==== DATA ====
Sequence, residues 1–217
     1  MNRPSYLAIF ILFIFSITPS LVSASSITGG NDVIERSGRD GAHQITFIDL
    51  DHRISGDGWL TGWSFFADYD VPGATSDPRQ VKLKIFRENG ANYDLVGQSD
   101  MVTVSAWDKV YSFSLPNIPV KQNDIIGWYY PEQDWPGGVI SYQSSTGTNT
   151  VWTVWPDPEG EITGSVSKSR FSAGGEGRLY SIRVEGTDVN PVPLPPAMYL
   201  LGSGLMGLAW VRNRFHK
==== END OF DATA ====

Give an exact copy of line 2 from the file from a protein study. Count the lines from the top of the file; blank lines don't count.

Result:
     1  MNRPSYLAIF ILFIFSITPS LVSASSITGG NDVIERSGRD GAHQITFIDL